Author : Haim Ari In this post i’ll describe how i use AWS Auto Scale in our environment. If you have not read about AWS Auto Scale Group yet, i recommend reading this document Now that you know what is Auto-Scaling and what are the features and benefits, lets go over it. In general what Auto-scale means is that instances will launch automatically by the policy you define, and will start serving by adding themselves to your Auto Scale Group ELB. These instances will serve until they are no longer needed (again your policy and “min” + “desired” will change the number of running instances inside the group) Here are the steps i took go get an Auto Scale Group up and running: Create your AutoScale Security Group. Create your ELB. Create your instance AMI. Create your AutoScale Launch Configuration. Configure your AutoScale Group. The above screenshost is the AWS side of Auto-Scaling, however this is not the full picture. You also need to configure your instances launch sequence. Your instances will have to: Create a DNS fqdn record and assign to the hostname. Register to your monitoring systems (in our Env – Zabbix) Register to your configuration management system (Puppet/Chef…) and pull configuration as needed. Pull your current production build. Start Serving. There is also the termination process in which you want the instance to delete itself from all the above before termination. This will keep your systems clean while containing only the currently running instances at all time. Set it up I recommend using Git / SVN / BitBucket to hold your Auto-Scale configuration. combined with “User Data” it will allow you to update your boot sequence easily: The “User Data” runs only at first launch and will not run again if the instance will reboot. To my opinion AutoScaled instances should not be rebooted. if a reboot required, simply launch new instances replacing the old ones. Any fix or change should be outside of your IMG and pulled at launch. if you must, update and create new IMG. Create your AMI: set up one instance that has your application working on it with all dependencies. I Pull one script from Git that runs other boot scripts (after pulling them too) and logs the boot process. In our environment It also pulls the Puppet modules from Git. this allows to run puppet classes locally. Once all dependencies are applied, and your scripts are pulled to the instance, run them to pull your latest build and start serving. in your ELB you must configure your “Health check” and instance port, so the ELB could determine if the instance can serve requests and should be in status: “In Service” Scripts and examples Set the hostname as the AWS instance id and update DNS (Bind) #!/bin/bash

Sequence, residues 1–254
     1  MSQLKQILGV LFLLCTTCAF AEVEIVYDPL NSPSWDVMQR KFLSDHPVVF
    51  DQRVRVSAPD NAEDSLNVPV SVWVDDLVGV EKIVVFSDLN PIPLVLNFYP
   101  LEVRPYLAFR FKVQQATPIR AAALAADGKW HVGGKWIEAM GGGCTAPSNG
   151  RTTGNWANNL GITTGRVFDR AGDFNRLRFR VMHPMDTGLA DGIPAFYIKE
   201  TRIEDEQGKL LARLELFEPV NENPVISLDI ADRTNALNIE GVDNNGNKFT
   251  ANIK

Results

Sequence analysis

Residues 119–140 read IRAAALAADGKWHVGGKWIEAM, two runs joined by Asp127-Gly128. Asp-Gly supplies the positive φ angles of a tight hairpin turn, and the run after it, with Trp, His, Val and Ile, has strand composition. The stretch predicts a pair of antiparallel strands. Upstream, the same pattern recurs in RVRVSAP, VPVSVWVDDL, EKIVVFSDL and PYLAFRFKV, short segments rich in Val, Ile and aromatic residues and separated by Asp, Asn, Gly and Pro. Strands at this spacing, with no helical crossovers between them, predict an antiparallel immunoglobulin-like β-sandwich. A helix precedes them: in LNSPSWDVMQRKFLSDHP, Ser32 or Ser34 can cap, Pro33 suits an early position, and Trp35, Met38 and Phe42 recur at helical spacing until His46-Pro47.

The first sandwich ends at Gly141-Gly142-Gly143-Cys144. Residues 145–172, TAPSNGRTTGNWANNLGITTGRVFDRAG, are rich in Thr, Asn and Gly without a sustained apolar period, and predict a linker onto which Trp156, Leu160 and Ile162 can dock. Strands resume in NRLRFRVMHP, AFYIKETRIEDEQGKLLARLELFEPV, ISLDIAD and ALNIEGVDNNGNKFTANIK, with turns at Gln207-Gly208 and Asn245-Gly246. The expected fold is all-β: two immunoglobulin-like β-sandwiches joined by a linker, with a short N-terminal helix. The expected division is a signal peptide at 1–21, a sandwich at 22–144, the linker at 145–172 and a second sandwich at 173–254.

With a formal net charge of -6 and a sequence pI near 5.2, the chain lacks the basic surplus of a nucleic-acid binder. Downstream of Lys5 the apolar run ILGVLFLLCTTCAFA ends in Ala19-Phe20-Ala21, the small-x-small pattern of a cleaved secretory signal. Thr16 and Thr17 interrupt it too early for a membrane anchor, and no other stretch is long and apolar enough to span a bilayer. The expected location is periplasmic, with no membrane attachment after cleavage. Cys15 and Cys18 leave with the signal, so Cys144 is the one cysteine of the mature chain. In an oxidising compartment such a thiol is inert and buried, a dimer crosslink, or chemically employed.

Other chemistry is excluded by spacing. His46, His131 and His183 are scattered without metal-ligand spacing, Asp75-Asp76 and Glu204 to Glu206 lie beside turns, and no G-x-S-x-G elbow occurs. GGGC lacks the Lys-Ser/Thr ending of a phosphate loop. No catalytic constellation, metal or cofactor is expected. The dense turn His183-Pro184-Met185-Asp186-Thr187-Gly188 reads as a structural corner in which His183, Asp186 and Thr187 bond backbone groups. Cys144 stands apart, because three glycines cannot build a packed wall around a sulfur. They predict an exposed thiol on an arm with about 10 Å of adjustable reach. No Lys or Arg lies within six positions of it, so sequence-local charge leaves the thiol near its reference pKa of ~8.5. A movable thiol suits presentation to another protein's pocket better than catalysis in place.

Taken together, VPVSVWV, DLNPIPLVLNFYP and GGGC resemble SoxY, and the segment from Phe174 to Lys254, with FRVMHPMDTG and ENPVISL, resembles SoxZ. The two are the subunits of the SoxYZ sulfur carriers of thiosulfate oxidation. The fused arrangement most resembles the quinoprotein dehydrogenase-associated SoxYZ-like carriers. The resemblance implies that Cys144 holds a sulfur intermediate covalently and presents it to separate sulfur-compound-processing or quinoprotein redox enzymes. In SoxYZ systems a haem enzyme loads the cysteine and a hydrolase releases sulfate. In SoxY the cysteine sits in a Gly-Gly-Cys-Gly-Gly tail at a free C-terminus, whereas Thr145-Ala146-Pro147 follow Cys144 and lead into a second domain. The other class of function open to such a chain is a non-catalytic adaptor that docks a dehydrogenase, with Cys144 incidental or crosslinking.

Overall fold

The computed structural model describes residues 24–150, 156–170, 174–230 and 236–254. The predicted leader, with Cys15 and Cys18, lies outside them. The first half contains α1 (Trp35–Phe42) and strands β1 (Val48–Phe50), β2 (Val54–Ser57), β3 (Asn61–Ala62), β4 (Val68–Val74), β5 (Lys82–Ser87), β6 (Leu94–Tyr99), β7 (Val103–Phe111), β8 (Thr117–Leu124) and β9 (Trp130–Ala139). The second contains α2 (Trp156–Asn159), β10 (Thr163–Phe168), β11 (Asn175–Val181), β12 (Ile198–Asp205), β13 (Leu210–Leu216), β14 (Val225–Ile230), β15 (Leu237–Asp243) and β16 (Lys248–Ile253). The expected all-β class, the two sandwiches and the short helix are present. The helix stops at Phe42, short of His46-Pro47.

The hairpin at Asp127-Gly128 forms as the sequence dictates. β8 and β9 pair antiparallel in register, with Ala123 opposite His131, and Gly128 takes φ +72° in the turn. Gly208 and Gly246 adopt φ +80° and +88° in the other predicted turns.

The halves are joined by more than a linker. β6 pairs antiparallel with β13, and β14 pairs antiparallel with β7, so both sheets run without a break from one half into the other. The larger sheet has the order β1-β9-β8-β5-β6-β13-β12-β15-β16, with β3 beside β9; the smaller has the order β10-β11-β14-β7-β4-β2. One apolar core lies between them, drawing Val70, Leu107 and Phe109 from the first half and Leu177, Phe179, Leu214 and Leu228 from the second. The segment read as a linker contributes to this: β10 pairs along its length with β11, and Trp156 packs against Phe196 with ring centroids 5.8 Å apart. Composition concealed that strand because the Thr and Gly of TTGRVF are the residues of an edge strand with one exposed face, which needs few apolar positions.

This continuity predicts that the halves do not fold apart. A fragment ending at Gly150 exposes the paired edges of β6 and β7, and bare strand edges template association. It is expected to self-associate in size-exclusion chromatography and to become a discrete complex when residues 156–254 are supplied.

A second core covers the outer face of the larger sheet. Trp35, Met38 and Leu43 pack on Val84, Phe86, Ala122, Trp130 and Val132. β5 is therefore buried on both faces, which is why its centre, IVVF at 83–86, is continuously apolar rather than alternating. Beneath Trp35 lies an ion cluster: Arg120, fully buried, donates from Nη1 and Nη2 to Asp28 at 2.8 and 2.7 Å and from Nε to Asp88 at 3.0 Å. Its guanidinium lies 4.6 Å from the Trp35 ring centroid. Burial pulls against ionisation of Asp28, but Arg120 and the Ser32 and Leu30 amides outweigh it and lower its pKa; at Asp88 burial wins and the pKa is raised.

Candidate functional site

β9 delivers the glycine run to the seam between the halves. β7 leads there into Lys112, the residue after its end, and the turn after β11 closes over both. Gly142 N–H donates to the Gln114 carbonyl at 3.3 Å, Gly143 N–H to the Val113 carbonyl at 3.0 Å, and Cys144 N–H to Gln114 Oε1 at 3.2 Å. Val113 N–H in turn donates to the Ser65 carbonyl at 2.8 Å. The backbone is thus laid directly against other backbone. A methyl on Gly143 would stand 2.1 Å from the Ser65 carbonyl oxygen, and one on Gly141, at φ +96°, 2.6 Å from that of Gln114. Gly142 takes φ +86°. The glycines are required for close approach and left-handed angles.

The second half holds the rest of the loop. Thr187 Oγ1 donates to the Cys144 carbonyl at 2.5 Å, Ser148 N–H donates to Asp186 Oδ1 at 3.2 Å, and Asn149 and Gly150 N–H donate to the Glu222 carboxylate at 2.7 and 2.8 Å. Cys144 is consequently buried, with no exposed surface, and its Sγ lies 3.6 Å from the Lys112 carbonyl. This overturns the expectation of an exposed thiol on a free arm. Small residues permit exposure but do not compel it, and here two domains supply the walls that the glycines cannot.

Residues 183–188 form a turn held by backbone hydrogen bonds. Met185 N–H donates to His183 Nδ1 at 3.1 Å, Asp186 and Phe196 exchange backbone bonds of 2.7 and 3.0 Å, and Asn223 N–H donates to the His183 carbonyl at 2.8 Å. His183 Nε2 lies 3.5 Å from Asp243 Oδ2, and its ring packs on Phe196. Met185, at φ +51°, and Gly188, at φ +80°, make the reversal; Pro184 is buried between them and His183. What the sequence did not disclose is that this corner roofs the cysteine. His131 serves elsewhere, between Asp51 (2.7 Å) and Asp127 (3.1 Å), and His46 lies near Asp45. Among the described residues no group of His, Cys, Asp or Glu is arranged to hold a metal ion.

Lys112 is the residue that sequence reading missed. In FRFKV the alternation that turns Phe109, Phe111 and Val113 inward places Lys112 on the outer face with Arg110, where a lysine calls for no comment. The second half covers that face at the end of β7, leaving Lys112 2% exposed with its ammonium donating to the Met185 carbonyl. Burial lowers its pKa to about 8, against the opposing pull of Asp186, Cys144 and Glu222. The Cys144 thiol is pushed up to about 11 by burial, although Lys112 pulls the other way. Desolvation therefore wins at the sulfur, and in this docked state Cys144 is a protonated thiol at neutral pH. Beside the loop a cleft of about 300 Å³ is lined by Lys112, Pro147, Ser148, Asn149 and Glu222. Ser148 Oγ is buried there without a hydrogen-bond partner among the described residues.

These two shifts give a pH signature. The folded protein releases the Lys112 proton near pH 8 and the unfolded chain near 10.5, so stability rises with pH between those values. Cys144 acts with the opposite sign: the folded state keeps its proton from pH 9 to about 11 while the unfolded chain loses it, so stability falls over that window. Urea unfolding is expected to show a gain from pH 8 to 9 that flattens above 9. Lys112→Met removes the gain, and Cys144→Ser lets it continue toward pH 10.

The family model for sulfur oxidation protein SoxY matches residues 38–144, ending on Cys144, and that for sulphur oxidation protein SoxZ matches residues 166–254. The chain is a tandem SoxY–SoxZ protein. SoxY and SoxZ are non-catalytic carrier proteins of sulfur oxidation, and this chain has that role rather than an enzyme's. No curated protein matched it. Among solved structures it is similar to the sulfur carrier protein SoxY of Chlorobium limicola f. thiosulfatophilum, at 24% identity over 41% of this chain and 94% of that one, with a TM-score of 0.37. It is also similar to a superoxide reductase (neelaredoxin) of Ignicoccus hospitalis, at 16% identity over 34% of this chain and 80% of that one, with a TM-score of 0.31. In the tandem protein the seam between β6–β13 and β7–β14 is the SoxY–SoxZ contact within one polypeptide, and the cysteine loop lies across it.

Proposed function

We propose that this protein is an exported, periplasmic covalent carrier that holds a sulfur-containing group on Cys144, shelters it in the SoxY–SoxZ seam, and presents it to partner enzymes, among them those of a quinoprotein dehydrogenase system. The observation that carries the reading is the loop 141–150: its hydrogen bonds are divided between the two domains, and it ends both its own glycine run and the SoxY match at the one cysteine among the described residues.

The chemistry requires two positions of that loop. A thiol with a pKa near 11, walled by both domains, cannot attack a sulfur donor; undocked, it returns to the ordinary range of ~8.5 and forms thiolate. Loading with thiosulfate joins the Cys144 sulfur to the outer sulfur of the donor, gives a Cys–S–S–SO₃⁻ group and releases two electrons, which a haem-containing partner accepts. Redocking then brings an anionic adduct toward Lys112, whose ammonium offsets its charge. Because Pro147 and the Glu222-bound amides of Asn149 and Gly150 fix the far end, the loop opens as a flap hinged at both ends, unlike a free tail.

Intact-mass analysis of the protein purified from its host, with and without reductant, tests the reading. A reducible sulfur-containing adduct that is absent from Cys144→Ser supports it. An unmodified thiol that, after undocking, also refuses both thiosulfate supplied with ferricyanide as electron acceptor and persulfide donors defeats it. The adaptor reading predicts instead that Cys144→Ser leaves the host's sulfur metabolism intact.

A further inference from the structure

# Update-Hostname Init script to set the hostname
# chkconfig: - 84 02
# description: Init script to set the hostname as the AWS instance id and update DNS (Bind)
# Source function library.
echo "search yourdomain.com" >>/etc/resolv.conf #
#USER_DATA=`/usr/bin/curl -s http://169.254.169.254/latest/user-data`
# we are using the PUBIP instead if getting 'user-data' here in order to generate the hostname
#set also the hostname to the running instance
PUBIP=`/usr/bin/curl -s http://169.254.169.254/latest/meta-data/public-ipv4`
/usr/bin/aws ec2 create-tags --resources $HOSTNAME --tags Key=Name,Value=$PREFIX-$VPC-$HOSTNAME.$DOMAIN
To summarize, auto scale is a great service. Once the first time setup is done and you will start using it in your production environment It will pay off, the bottom line is: using auto scale will for sure save you time once it’s up an running.